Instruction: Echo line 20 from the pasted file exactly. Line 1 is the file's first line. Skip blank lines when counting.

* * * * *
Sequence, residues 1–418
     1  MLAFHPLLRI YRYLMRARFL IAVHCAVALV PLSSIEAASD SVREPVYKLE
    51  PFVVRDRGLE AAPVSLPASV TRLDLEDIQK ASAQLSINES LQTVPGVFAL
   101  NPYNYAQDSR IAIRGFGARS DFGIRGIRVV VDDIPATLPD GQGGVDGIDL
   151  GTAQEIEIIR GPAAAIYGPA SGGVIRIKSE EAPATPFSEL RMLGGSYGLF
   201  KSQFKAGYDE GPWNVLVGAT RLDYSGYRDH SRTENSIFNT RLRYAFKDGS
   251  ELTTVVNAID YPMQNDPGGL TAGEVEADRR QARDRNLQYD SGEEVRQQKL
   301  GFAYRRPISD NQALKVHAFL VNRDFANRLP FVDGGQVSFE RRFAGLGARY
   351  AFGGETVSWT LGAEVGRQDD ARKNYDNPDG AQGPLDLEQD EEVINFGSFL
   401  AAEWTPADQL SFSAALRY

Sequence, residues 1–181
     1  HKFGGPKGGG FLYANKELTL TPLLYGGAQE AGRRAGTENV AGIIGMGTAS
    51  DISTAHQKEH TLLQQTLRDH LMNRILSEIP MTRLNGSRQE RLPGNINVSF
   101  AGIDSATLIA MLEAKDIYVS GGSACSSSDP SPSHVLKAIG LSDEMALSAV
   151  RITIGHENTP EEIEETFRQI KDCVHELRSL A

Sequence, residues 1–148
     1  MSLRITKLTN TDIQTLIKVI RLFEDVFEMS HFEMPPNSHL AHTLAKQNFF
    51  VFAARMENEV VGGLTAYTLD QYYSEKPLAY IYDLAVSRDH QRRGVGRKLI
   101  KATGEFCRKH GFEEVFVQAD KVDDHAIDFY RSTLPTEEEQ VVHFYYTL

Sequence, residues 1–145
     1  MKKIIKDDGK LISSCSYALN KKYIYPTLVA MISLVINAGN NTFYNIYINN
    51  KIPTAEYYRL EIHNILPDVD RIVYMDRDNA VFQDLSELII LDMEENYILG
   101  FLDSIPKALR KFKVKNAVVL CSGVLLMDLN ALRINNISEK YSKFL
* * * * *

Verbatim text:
Sequence, residues 1–145